So began the search for horse number 5. In September of 2013, 3 years of riding to include more hours than many people can say they have had after 10 years and many different horse behaviors (bad and good), a solid foundation on ground working a horse and a plan I decided to try my hand at an unbroke horse. Now mind you I didn't start with that goal in mind. I started searching for Scooby's replacement, and found this horse. He was the color I had coveted for a while. I wasn't in a hurry to find a horse because I could always still ride Scooby for short rides, and borrow one for long rides, so I was taking the time to find the PERFECT horse in my eyes. I wanted the color I wanted this time with the temperament to match. I knew I'd have to wait and that was absolutely fine with me.
In my search, I found this ad for a just turned 3 year old, lightly started under saddle. He had had maybe 5 rides around their property. The photos showed him walking over a tarp and down the driveway. The description was everything I was looking for and his color was what I was wanting. I called my experienced neighbor (not the girl from the beginning of the story) who knew my riding skills as well as my horse handling skills and was honest enough to tell me what was what whether I wanted to hear it or not! She listened to my plan to not be stupid enough to think I could bring this horse home and fully train him myself. I was going to send him to an Amish fellow first to make sure he got all the bucks out, (if there were any) get him used to traffic, (85% of my riding is in traffic) and simply get the woa and go started. I would put the miles on after that. She encouraged me to go for it. She said I was a good enough rider to be able to handle it so long as his temperament was what they said it was in the description. I drove more than 5 hours to try him out. The girl rode him around the round pen, grabbed a tarp off the rail, drug it around for a second, got it tangled in her stirrup, drug it some more and the little horse she called Ty just walked along like nothing was wrong. I saw enough. I wanted to put my rear on his back.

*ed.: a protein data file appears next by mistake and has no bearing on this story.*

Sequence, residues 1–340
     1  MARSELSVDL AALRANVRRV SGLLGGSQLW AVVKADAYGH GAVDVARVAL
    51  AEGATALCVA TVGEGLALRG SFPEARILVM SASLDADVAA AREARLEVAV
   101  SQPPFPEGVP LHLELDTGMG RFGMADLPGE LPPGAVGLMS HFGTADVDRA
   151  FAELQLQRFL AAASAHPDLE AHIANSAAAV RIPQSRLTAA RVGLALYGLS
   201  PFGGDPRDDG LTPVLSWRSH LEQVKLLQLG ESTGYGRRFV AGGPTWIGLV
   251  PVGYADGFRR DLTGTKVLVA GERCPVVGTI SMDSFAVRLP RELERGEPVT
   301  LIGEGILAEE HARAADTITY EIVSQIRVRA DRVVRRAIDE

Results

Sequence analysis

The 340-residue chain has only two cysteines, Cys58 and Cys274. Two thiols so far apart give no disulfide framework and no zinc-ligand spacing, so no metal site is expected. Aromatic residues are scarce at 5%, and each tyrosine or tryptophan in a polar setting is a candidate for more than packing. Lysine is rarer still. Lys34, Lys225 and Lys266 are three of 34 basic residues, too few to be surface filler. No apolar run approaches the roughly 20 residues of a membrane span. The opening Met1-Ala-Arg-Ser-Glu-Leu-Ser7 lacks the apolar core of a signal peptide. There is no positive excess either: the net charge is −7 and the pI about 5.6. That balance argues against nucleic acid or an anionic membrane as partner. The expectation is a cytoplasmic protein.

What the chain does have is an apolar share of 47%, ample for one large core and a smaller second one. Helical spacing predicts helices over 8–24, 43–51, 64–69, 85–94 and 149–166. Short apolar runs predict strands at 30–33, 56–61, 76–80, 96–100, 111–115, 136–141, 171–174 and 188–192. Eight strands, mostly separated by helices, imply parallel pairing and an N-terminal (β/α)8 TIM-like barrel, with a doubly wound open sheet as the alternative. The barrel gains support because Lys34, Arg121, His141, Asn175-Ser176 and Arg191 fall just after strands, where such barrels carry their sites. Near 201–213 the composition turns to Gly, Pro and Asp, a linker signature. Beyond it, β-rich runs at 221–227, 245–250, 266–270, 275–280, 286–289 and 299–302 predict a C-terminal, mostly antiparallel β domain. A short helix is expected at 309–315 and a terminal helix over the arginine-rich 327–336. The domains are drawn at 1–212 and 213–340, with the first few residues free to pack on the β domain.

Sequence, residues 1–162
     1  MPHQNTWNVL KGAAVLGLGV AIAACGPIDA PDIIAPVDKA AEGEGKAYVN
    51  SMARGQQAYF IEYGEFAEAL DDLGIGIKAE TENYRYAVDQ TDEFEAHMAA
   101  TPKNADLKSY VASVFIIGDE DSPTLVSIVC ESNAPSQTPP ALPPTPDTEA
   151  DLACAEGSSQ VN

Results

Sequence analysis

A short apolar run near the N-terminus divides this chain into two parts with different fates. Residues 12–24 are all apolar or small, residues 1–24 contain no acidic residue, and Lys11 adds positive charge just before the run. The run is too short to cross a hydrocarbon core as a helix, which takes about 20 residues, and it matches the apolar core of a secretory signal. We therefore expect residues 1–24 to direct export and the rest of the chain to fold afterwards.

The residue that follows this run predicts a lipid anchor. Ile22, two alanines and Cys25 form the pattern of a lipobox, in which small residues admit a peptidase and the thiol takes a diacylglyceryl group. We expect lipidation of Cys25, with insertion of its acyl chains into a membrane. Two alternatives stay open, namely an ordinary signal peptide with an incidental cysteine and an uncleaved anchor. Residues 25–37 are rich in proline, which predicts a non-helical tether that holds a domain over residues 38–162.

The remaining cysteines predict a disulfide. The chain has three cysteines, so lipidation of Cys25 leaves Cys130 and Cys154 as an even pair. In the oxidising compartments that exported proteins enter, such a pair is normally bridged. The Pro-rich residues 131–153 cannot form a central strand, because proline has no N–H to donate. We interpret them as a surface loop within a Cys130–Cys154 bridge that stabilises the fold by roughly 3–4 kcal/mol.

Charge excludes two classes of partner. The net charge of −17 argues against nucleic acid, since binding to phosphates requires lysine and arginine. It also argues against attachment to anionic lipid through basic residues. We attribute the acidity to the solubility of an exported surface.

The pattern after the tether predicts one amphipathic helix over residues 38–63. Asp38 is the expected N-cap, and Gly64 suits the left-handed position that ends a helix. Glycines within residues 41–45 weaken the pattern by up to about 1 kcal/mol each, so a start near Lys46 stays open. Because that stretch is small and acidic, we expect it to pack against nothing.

For the third time in this journey, I sat in the saddle and fell in love! Scooby was the first, the second was a horse I would have bought but didn't because he couldn't be ridden safely in traffic, and now this little guy. He really knew absolutely nothing. I could barely get him to walk around the round pen, but he was so calm, so loving, so PERFECT.
I put him in the trailer, renamed him DJ (a name I had decided on before I even found the horse because I work for a radio station so I decided I need a horse named DJ) and made the long trip back to my house. I was SO EXCITED to have this perfect little boy at my house.
I kept him for the night, then took him off to the Amish guy to ride for me. He was going to have him for 30 days. I checked on him every few days and John told me he was doing GREAT. He said he was about the smartest horse he'd seen around here! LOL
Around the two week mark, I went to check on him and got some very upsetting news. There were bad saddle sores on both his shoulders. :( They were fresh-from the morning's ride. I told John I didn't think he could ride him like that, so I was just going to take him home. I asked if he thought he was doing well enough that I could finish him out of if I would need to bring him back and John said he felt I would be able to handle him just fine, so I settled payment and planned to bring my boy home for good.